She was a good second, Grant reflected. Dependable if not ambitious. Ambition could be overrated. Fools rush ahead, as they say. Wise words.

“Commander,” Loop repeated.

Grant heard her quiet voice in his ear, but he knew that Loop was standing about ten feet away--off the left side of the picture frame.

“What is it?” His own voice sounded odd. Strained.

“Nineteen minutes from bingo oxygen, sir,” Loop replied. “We still need to cross two ravines to get back.”

Interesting. Loop thought of them as ravines. It fit better than valleys. Grant turned his head to the left to talk over his shoulder; the body language wouldn’t be visible in the rig.

“I suppose it would be a death sentence to head down,” he said. “Just for a few minutes?”

“It’d be more than a few minutes. I think this side turns into a cliff.”

“Right.” Grant licked his dry lips. “I’m sure you’re right.”

Looking down at the toes of his feet required a hunched motion to press his face against the visor. This accomplished, Grant rotated his protesting neck to look right.

Toby had left quite a mess in the dust. Right there at the beginning of the slope. His precise boot prints disappeared into a series of wide swipes that upset the crumbly inch of topsoil. Four distinct grooves cut by fingers were the only identifiable imprints. They began three feet from Grant’s right boot.

“We should get the body,” he said.

“Survey Corps regulations won’t allow it, sir.”

“We can return here--”

“No, Commander, we can’t.”

The sound of heavy soles crunching into the dirt came through the receiver on Grant’s left side. The Lieutenant had already started back.

Grant stayed a moment more. His eyes remained locked on the ground, but all they could see was Toby’s terrified face. His mouth open in the start of a scream. Arms flailing for purchase. Seeking a grip. Or a hand. Then it was too late and he was tumbling. Over and over down the slope where he vanished for two seconds before a distant thud let them know he had hit bottom.

Tranquility base here, Grant suddenly thought, Toby has landed. He shuddered.

It had happened too fast to react.

Grant finally turned away, a wind-up toy on a wound-down spring. He started walking on legs that felt stiff. Back towards the two previous valleys and the survey ship.

It had happened too fast. There was nothing he could have done.

Grant was almost sure of it.


Tuesday, June 24, 2014

Short Fiction: Party of One

The following story was inspired by this flash fiction challenge over at I rolled up "Dystopia Comic Fantasy." A bit out of my wheelhouse, but I had a lot of fun writing it! It's a little heavy for the challenge, coming in a bit over 2100 words. I hope you enjoy it! 


“Next.” The goblin’s voice was coarse and cruel, perfectly matched to the seeping walls on either side of the service counter.

Fwet walked forward, his large boots echoing off the bare stone floors. He reached back over his shoulder, his fingers instinctively going for the hilt of the great sword secured there. At the last moment his hand swerved, plucking a stiff card from beneath the scabbard. He eyed the block letters, briefly ran his fingers along the deep imprints left by the crude press that made them, and then gently laid it on the moisture-warped surface of the desk.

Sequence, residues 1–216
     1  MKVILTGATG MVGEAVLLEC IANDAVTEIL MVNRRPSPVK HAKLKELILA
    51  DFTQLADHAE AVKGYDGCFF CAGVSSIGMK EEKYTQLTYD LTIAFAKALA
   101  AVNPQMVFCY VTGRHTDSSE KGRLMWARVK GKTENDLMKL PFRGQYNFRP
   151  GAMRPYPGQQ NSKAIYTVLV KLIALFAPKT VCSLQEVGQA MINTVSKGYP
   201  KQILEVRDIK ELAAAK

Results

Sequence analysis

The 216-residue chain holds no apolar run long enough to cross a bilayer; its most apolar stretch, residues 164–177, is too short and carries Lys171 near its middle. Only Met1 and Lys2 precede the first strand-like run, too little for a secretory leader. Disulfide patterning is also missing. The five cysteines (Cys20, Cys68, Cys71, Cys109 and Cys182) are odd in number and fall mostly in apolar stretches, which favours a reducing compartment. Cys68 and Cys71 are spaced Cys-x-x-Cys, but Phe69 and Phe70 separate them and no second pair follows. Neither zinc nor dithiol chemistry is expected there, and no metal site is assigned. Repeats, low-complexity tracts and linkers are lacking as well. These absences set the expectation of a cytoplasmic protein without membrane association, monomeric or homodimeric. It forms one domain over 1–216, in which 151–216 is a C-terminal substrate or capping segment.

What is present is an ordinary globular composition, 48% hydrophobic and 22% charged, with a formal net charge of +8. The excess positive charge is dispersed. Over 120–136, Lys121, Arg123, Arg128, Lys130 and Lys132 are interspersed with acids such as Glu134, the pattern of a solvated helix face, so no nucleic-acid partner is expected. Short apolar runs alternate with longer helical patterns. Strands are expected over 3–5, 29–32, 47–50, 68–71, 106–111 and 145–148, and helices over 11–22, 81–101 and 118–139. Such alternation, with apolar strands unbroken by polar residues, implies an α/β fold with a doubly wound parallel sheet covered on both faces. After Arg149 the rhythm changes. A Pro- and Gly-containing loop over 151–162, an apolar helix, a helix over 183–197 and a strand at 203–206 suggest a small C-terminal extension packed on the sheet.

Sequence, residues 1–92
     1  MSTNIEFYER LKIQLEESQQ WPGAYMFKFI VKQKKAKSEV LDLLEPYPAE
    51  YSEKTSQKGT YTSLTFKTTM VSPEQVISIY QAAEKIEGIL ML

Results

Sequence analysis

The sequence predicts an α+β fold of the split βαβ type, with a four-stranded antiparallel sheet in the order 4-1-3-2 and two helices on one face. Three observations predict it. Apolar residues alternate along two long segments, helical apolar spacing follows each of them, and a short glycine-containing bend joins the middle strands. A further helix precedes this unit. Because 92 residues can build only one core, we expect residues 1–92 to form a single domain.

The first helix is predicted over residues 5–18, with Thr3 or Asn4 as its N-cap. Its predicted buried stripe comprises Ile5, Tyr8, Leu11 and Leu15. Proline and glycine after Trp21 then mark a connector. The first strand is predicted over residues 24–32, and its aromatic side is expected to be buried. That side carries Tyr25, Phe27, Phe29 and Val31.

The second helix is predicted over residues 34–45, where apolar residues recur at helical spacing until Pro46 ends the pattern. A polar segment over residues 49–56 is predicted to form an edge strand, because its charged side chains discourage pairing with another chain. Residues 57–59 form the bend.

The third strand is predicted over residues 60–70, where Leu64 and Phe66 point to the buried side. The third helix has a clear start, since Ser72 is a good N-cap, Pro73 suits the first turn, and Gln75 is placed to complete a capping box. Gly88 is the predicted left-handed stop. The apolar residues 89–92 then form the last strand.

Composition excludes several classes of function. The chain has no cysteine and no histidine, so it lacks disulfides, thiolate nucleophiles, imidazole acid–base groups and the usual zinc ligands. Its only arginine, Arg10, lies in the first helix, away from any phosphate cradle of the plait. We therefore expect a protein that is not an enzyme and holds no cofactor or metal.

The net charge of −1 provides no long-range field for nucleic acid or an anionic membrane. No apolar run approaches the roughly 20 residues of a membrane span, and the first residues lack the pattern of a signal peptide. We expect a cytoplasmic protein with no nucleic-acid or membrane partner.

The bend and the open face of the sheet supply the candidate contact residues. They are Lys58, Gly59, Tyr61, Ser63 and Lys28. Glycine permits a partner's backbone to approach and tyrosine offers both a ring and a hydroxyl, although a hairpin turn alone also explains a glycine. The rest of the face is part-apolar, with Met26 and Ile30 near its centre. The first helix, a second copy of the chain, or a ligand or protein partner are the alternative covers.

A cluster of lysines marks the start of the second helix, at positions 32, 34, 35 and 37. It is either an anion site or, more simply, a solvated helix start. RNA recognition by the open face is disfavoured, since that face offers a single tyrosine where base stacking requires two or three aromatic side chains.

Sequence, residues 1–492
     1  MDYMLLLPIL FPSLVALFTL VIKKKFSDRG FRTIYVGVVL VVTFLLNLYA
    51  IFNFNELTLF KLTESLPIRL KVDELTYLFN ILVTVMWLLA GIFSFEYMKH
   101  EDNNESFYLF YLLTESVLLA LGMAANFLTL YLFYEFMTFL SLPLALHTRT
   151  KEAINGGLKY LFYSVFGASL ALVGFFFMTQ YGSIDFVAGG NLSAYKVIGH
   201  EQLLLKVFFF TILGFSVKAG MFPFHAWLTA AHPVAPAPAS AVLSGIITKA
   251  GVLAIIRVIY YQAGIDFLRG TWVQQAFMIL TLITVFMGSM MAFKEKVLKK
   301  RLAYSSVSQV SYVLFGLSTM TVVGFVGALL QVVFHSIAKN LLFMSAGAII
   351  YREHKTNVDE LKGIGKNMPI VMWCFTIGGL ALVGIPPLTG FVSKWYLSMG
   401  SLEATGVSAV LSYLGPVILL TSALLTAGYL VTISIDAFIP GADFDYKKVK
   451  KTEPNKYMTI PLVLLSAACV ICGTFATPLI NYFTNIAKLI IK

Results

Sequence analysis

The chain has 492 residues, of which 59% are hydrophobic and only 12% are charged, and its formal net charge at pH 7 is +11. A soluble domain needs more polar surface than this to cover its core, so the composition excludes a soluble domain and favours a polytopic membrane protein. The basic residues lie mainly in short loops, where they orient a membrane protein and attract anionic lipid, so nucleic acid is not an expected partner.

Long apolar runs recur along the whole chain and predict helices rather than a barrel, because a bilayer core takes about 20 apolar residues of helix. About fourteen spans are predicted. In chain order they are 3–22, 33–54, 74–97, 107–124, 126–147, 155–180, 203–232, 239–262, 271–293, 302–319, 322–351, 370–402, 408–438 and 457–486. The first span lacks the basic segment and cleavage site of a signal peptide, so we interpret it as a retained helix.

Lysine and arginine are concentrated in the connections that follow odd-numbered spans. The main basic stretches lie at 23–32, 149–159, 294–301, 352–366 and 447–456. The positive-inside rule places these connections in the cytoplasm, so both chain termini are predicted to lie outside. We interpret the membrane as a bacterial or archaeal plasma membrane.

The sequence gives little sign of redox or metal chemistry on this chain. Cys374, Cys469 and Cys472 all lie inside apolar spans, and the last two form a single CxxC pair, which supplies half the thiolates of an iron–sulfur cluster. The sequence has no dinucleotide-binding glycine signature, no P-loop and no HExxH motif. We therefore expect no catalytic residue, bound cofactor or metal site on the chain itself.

The goblin eyed it but didn’t take it. Instead the creature sighed and scratched at the locks of scraggly hair slicked back behind one long, pointed ear (the other had been torn off). Then it adjusted its sweater vest and gave Fwet a look of impatience.

“Where’s the rest of your party? Rustwallow Deeps Dungeon has a strict policy. The whole party must be present when you submit your reservation ticket.”

“Um,” said Fwet. He swallowed and ran a hand through his own--far more luxurious, far blonder, and far longer--hair. “It’s a, um, single. Ticket.”

To its credit, the goblin’s expression changed only enough to allow for a modicum of skepticism. Real professional here. It hooked its glasses chain with one scaly thumb and followed it to the arm of its bifocals. The goblin fitted them in place and gave Fwet the once-over.

“A solo, hm?” 

“That’s right.”

The goblin just kept staring. Fwet found himself looking over its head at the neat rows of filing cabinets next to the square portal scoured with sword marks and dried blood. This close to the entrance of a real dungeon, he felt his heart speed up.

“I’m sorry,” he said, realizing the goblin had spoken. “What?”

“Where is your shirt?”

“Oh. I’m from the hill tribes of Delowse.”


“We don’t wear shirts.”

“What about winter?” The goblin asked. Fwet couldn’t tell whether it was being sarcastic or politely interested. “Do you wear shirts in winter?”

“We wear cloaks.” 

“Cloaks. Hm. Is your reservation a day-trip?”

The goblin’s gaze was somehow withering and sympathetic at the same time. It finally scooped up the card from the front of the desk and glanced at it.

“It’s two days, three nights--”

The goblin cut him off with an irritated growl. He waggled the card towards Fwet. “Ridiculous. A three night solo in Rustwallow Deeps without so much as a shirt?!”

“I have ample camping and food supplies.”

“Have you a potion to cure the racking cough you’ll be battling in twelve hours?” Its gravelly voice rose to a high pitch.